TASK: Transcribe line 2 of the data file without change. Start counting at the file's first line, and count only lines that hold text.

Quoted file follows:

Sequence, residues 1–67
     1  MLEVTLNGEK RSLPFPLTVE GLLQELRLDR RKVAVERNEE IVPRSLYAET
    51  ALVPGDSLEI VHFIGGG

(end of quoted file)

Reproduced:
     1  MLEVTLNGEK RSLPFPLTVE GLLQELRLDR RKVAVERNEE IVPRSLYAET